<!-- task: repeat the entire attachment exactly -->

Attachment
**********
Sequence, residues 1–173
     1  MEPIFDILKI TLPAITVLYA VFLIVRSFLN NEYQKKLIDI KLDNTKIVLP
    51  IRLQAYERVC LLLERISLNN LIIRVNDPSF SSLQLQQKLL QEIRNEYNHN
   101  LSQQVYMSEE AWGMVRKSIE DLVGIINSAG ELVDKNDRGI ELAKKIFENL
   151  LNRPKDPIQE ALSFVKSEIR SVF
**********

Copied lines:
Sequence, residues 1–173
     1  MEPIFDILKI TLPAITVLYA VFLIVRSFLN NEYQKKLIDI KLDNTKIVLP
    51  IRLQAYERVC LLLERISLNN LIIRVNDPSF SSLQLQQKLL QEIRNEYNHN
   101  LSQQVYMSEE AWGMVRKSIE DLVGIINSAG ELVDKNDRGI ELAKKIFENL
   151  LNRPKDPIQE ALSFVKSEIR SVF